Jeff Gorton’s first full offseason in charge of the New York Rangers was highlighted by the bold swap of top centers Derick Brassard and Mika Zibanejad with the Ottawa Senators. Let’s just say that this is turning out to be a steal for the Blueshirts.July 18 was an offseason defining day for the New York Rangers.
Up to this point, the Blueshirt’s summer had been rather conservative. Jeff Gorton decided to send puck-moving specialist Keith Yandle to the Florida Panthers for a pair of draft picks, as the Rangers just simply weren’t willing to hand out a seven-year deal worth an average annual value of $6.35 million to a 29-year old who is handicapped in his own zone.
The commencement of free agency saw the Blueshirts make some minor changes to their bottom six. Jeff Gorton opted not to re-sign veterans Viktor Stalberg, who inked a one-year pact with the Carolina Hurricanes, and Eric Staal, who signed for three years with the Minnesota Wild, in favor of speedster Michael Grabner and penalty-killing expert Josh Jooris (who actually signed two weeks after he hit the open market).
From the early look of things, it appeared as if it would be another bland offseason in the Big Apple. With limited cap space and a GM in his first full offseason at the helm, any sort of expectation that a monumental move would take place for the Blueshirts seemed far-fetched.
Then, out of the blue, it happened.
In the midst of that hectic July afternoon, the Rangers sent top center Derick Brassard along with a 2018 seventh-round pick to the Ottawa Senators in exchange for Swedish forward Mika Zibanejad and a 2018 second-round pick.
Within minutes of the trade, Rangerstown went into a state of utter chaos.
There were rumblings that the Blueshirts could potentially move Rick Nash or Derek Stepan, but no one thought the Rangers would get rid of Brassard. The former Columbus Blue Jackets’s first-round pick was not only a fan favorite on Broadway, but he was the Blueshirt’s leading goal-scorer and established himself as the Rangers most consistent playoff performer over the past couple years.
Once Blueshirt’s fans had time to settle down, however, they realized that Gorton had no choice but to make this trade.
Although Brassard, 29, was coming off a stellar season, his best days are certainly behind him. Many players see their game spiral downwards once they hit the age of 30 and while Brassard could prove to be an exception to that, it would be witless to believe that he would be able to top the level that he played at for the duration of his three and a half year tenure in the Big Apple.
Zibanejad, on the other hand, has yet to reach the peak of the mountain. He has made big strides during his first four years in the NHL and at the age of just 23, it’s obvious that we have yet to see the best from the former 2011 sixth overall pick.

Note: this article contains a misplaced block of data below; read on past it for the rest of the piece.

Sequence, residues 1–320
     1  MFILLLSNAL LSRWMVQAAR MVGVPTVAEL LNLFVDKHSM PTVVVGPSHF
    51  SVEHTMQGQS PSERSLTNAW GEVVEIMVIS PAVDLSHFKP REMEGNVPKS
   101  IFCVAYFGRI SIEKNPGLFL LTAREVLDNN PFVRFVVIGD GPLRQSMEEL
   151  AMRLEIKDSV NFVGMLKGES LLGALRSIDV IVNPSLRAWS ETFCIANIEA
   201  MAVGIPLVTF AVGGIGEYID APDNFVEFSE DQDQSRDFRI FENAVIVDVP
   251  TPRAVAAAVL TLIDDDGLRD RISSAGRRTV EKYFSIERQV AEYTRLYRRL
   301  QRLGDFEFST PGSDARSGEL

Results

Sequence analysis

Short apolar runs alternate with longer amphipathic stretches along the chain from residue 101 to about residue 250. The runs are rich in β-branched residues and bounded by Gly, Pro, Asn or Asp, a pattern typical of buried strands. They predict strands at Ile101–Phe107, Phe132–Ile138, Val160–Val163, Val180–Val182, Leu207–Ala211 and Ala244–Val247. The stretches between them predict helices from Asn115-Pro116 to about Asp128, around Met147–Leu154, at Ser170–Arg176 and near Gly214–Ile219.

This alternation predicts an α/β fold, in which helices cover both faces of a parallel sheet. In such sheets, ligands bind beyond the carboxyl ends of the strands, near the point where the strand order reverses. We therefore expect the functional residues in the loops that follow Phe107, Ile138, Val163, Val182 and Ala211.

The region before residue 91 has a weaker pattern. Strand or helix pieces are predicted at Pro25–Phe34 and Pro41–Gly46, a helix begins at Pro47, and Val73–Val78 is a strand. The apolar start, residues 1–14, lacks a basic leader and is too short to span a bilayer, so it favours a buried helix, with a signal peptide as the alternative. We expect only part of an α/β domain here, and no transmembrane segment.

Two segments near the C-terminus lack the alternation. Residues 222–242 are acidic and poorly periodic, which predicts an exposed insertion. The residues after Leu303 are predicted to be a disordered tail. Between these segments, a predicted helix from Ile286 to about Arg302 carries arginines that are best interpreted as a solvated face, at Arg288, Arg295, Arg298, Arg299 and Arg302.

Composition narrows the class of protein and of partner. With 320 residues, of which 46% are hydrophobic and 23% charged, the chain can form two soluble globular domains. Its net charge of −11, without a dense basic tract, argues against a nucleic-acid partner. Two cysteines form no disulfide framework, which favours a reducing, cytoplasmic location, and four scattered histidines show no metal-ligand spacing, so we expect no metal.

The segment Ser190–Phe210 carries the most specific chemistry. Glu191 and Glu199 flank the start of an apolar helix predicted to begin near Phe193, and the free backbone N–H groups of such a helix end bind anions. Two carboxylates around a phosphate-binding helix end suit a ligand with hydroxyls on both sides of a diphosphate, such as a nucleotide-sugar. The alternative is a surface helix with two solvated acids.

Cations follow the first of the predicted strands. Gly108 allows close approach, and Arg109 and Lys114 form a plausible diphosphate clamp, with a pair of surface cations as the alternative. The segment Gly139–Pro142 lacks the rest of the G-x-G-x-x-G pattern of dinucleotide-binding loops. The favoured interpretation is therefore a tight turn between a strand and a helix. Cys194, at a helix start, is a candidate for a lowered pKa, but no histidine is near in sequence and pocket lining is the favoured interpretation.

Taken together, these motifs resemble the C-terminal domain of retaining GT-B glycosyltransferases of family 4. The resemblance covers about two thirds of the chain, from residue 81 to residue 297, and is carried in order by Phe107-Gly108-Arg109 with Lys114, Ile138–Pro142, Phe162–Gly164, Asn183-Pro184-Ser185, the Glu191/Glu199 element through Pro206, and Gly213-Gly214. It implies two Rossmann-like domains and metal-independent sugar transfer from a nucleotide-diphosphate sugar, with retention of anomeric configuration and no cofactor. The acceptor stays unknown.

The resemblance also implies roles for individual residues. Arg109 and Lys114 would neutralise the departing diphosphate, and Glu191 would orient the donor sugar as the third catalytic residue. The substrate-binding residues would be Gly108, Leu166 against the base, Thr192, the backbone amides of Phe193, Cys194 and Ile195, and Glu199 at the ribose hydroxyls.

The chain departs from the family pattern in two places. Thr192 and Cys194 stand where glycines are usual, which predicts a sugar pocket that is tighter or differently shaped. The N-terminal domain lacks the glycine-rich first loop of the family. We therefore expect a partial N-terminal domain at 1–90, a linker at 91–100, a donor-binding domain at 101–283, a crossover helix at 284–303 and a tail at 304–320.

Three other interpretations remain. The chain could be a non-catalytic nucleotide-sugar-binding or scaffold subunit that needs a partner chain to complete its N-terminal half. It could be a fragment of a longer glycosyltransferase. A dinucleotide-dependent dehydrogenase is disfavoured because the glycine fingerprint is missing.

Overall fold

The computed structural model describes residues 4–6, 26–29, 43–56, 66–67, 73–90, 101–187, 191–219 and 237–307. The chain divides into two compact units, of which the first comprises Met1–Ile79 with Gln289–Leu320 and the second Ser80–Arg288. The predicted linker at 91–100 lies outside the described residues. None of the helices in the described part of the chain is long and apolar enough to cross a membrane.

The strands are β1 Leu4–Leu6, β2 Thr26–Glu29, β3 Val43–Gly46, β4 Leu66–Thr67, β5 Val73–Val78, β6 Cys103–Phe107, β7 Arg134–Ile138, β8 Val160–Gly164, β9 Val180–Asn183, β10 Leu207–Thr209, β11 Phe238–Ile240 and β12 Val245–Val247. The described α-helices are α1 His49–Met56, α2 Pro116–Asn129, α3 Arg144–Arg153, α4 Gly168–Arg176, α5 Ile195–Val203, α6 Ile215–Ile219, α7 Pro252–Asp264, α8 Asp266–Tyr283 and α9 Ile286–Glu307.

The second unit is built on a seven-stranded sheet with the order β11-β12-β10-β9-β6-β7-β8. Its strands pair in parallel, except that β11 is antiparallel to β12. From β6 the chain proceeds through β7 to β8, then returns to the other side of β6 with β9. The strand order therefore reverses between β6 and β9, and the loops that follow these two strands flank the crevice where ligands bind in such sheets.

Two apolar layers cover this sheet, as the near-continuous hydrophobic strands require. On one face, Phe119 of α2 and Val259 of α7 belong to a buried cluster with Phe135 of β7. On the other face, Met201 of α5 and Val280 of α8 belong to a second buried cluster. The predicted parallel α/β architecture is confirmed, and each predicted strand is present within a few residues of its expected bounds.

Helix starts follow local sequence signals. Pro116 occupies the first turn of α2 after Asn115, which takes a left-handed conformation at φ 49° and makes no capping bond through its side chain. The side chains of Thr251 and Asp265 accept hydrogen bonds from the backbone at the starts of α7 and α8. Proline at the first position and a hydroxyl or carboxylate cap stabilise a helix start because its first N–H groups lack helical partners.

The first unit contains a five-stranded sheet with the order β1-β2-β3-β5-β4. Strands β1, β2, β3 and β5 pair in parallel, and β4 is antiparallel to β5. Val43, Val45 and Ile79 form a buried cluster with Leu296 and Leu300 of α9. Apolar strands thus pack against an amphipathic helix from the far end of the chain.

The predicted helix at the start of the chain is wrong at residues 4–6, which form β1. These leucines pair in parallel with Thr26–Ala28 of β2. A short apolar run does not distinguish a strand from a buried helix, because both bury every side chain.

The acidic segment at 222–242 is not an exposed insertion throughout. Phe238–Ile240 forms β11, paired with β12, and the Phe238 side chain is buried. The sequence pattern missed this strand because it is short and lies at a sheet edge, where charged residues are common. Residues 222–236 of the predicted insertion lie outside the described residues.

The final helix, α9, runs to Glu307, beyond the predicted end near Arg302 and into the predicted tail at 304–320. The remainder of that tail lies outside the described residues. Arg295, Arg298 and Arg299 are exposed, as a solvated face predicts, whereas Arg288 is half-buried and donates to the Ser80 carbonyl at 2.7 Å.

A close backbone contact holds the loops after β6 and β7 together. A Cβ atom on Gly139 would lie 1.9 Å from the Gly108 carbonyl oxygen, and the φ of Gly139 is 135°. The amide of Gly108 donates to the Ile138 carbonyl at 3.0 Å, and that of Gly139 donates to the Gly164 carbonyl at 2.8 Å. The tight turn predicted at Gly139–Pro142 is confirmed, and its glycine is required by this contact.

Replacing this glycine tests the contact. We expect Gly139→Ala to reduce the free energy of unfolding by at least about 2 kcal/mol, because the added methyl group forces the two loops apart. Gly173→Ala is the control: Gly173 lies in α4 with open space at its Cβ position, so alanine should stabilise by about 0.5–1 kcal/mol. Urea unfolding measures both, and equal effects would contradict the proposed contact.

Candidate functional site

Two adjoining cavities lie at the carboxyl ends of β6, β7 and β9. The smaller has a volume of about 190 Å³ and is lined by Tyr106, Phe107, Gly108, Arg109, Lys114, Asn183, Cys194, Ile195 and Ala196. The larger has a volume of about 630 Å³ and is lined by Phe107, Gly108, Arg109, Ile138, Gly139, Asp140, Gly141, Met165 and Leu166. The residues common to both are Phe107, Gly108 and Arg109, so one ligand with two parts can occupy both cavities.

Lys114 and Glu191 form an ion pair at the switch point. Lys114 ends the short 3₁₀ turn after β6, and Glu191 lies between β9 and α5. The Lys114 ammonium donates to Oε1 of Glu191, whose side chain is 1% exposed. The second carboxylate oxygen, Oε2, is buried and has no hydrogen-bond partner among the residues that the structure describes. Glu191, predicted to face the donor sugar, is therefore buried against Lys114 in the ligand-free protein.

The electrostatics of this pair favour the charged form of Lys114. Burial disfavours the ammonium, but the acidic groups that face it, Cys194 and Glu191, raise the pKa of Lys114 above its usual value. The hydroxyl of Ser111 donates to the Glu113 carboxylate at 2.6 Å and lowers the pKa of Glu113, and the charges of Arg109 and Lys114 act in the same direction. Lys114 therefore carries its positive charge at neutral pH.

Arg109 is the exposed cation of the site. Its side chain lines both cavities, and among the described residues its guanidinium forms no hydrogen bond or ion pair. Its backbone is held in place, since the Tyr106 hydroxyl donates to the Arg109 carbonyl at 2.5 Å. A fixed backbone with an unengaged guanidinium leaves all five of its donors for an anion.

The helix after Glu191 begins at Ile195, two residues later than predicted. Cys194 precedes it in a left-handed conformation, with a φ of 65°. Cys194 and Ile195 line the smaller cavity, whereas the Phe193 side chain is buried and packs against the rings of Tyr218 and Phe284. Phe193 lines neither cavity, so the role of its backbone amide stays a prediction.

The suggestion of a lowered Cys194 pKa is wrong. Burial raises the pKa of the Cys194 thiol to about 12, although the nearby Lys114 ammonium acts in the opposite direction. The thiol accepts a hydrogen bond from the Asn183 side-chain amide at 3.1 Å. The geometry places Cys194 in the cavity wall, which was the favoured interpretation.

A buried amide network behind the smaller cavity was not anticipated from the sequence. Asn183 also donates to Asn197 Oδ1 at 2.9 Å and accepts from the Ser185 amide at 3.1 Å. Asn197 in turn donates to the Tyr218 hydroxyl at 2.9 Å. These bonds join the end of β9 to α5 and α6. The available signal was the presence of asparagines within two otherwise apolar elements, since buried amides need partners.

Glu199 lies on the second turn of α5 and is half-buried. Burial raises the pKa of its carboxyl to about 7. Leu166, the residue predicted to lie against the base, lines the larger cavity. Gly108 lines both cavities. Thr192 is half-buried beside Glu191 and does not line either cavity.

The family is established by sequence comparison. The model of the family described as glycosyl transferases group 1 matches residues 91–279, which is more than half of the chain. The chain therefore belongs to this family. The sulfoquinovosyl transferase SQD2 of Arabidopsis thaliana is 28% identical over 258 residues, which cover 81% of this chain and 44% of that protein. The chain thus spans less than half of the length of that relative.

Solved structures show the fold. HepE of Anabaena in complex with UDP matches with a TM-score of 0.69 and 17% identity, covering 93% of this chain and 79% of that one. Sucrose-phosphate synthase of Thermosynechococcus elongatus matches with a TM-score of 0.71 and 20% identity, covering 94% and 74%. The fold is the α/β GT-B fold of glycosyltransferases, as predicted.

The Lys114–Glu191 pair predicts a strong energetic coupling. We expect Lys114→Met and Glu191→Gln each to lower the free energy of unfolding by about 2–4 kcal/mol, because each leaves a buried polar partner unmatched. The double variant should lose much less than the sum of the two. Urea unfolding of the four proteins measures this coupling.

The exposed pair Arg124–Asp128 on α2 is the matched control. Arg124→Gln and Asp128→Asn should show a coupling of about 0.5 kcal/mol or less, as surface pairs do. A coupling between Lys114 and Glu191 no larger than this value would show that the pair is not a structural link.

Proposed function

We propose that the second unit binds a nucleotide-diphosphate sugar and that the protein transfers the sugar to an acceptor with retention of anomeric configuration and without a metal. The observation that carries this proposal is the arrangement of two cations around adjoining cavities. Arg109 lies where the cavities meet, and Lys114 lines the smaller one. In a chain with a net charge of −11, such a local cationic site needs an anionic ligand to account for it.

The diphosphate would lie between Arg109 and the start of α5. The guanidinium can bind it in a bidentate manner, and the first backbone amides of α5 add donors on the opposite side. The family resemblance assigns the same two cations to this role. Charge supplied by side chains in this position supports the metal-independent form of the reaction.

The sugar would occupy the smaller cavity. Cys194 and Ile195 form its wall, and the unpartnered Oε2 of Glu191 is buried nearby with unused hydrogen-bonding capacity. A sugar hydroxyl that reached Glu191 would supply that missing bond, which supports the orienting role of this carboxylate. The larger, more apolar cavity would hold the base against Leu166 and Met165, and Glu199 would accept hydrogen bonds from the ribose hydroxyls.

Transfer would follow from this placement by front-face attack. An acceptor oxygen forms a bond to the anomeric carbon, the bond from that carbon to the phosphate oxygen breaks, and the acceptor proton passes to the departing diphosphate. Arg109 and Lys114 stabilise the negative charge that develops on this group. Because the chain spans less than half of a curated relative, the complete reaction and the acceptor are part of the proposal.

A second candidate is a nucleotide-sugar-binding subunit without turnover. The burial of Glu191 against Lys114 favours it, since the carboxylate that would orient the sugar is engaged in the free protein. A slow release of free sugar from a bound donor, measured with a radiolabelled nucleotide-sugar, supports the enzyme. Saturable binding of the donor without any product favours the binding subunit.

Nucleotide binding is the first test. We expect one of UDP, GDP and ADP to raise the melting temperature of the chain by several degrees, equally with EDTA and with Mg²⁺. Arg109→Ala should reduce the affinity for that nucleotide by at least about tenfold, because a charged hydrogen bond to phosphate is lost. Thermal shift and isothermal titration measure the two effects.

This trade was an absolute steal for the Rangers on paper. The only question that faced the Rangers at the time was whether Zibanejad would be able to shine under the bright lights of New York.
And boy has he glistened.
Through eight contests, the former Senator has been everything the Rangers could have wanted and then some. He has had a strong start to the season, posting eight points in nine contests, as the Rangers’ top center iceman.
His point total doesn’t tell the story of how well this guy has performed early on.
Zibanejad has continually baffled the defenders with his sensational play-making ability and speed up the middle of the ice. He has meshed extremely well with Chris Kreider and Pavel Buchnevich (when they have been healthy) to form a dominant trio. He hasn’t displayed his excellent shot yet, but his presence alone at the left circle on the man advantage instills fear into opposing goaltenders.
Zibanejad has also held his own in the defensive zone. His speed grants him the ability to get his stick in the passing lanes and create turnovers. In addition, he’s winning face-offs at a 58% clip in his own zone (55.2% overall). He has his work cut out for him in this end of the ice, but overall, he has done a nice job defensively thus far.
Up north, Brassard hasn’t been nearly as impressive. He has registered a goal and five helpers in seven games with his hometown club. While his numbers have been strong in the offensive zone, he remains a liability on defense and has struggled massively on face-offs (46.2%).
Now, Brassard definitely hasn’t been bad. In fact, he’s actually been pretty good to open up the season. Having said that, we can now officially say that this trade was a win for the New York Rangers, and it wasn’t even close.
In this trade, the Blueshirts got younger, faster, and more physical in this deal. The main knock on this deal, which was that the Sens got the better player (at the time of the deal) is already proving to be wrong, as Zibanejad has shown that he is a more well-rounded player than Brassard. Gorton was also able to gain a second-round pick, which will hopefully result in a solid prospect.
Zibanejad also fits the direction that the Rangers are going in. The front office made it clear that they wanted to get younger and faster. Zibanejad possesses both of those attributes.
Losing Brassard was a very tough pill to swallow for Rangers fans everywhere. His unquestioned enthusiasm and great leadership would be tough for anyone to replace. Zibanejad’s start to the year has made it easier and easier to forget about what Brassard meant to this team.
So make it official. Jeff Gorton fleeced Pierre Dorion and the Ottawa Senators.